“How stupid of me not to have foreseen this,” exclaimed Lecoq. “He has poisoned himself; let some one run for a doctor. Take him into another room and lay him on a bed.”
While these orders were being carried out, Catenac was removed to a cab which was in waiting, and Martin Rigal seemed to have lapsed into a state of moody imbecility. Suddenly he started to his feet, crying,—
“My daughter Flavia! yes, her name is Flavia, what is to become of her? She has no fortune, and she is married to a man who can never provide for her. My child will perhaps starve. Oh, horrible thought!”
The man’s strong mind had evidently given way, and his love for his child and the hideous future that lay before her had broken down the barrier that divides reason from insanity. He was secured by the officers, raving and struggling. When Lecoq was left alone with the Duke, Paul and Flavia, he cast a glimpse of pity at the young girl, who had crouched down in a corner, and evidently hardly understood the terrible scene that had just passed.
“Your Grace,” said he, turning to the Duke, “you have been the victim of a foul conspiracy; this young man is not your son; he is Paul Violaine, and is the son of a poor woman who kept a petty haberdashery shop in the provinces.”
The miserable young fool began to bluster, and attempted to deny this statement; but Lecoq opened the door, and Rose appeared in a most becoming costume. Paul now made no effort to continue his protestations, but throwing himself on his knees, in whining accents confessed the whole fraud and pleaded for mercy, promising to give evidence against his accomplices.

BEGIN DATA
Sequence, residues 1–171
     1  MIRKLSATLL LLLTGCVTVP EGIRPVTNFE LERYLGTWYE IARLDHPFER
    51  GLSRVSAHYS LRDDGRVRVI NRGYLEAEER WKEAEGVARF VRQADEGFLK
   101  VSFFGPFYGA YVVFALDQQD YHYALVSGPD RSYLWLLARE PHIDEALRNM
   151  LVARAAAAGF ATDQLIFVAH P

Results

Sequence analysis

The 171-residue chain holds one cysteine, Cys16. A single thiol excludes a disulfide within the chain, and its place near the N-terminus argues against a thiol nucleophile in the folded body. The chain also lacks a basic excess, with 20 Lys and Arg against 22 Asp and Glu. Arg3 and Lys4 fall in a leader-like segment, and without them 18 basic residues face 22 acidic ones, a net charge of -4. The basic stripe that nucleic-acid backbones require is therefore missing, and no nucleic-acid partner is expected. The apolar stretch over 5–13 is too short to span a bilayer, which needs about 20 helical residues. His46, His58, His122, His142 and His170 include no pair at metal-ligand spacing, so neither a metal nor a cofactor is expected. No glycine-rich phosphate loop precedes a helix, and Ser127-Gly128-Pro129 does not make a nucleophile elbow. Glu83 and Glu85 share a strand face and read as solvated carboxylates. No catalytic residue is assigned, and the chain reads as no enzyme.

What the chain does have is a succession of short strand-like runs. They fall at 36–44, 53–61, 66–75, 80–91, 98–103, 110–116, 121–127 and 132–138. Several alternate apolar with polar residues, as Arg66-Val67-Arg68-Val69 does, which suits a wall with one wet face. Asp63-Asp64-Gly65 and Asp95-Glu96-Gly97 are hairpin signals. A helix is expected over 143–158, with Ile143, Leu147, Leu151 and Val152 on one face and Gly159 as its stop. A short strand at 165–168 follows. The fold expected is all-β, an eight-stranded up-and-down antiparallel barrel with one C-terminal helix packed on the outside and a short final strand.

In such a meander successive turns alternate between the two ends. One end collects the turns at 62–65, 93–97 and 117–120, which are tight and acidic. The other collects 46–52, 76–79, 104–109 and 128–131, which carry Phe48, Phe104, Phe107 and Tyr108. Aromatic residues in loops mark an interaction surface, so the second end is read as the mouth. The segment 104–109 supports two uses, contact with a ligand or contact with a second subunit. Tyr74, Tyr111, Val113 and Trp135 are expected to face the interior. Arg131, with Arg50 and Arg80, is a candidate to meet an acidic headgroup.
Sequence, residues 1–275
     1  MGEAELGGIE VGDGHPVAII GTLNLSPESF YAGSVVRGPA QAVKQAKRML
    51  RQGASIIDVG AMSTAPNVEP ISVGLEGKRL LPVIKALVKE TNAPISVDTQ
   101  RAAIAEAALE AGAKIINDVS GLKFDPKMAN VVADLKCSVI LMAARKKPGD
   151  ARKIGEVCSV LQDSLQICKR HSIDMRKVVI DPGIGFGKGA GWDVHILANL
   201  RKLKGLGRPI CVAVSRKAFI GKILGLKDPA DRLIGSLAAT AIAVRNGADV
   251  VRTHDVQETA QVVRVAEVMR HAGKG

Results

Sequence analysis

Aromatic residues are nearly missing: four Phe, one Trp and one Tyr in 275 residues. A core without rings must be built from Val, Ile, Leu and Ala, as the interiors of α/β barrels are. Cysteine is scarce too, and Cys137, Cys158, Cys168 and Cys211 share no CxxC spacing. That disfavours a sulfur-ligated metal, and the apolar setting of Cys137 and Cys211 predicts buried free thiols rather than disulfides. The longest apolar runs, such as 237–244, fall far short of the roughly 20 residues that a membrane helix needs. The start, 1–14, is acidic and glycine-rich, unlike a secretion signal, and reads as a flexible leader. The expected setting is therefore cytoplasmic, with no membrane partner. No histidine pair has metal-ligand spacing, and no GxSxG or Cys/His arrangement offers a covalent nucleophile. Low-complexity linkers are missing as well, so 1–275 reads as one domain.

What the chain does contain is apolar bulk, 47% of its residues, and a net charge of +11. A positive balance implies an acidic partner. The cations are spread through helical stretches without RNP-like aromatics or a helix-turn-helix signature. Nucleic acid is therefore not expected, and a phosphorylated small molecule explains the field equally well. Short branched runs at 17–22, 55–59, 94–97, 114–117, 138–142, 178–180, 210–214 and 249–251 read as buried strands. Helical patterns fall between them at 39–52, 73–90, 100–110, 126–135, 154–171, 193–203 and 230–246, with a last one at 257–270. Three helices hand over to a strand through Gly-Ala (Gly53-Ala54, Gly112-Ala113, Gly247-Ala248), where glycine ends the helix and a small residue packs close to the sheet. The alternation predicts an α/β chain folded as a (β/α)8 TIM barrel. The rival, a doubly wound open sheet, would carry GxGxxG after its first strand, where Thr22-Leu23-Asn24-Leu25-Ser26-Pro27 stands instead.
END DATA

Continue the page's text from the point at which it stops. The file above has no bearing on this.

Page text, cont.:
“Do not despair, your Grace,” said Lecoq, as he conducted the Duke to his carriage; “this certainly is not your son; but I have found him, and to-morrow, if you like, you shall be introduced to him.”
“EVERY MAN TO HIS OWN PLACE.”
Obedient to the wishes of M. Lecoq, Andre resigned himself to a lengthy sojourn at the Hospital de Beaujon, and had even the courage to affect that state of profound indifference that had deceived Mascarin. The pretended sick man in the next bed to his told him all that had taken place, but the days seemed to be interminable, and he was beginning to lose patience, when one morning he received a letter which caused a gleam of joy to pass through his heart. “All is right,” wrote Lecoq. “Danger is at an end. Ask the house surgeon for leave to quit the hospital. Dress yourself smartly. You will find me waiting at the doors.—L.”
Andre was not quite convalescent, for he might have to wear his arm in a sling for many weeks longer; but these considerations did not deter him. He now dressed himself in a suit which he had sent for to his rooms, and about nine o’clock he left the hospital.
He stood upon the steps inhaling deep draughts of the fresh air, and then began to wonder where the strange personage was to whom he owed his life. While he was deliberating what to do, an open carriage drew up before the door of the hospital.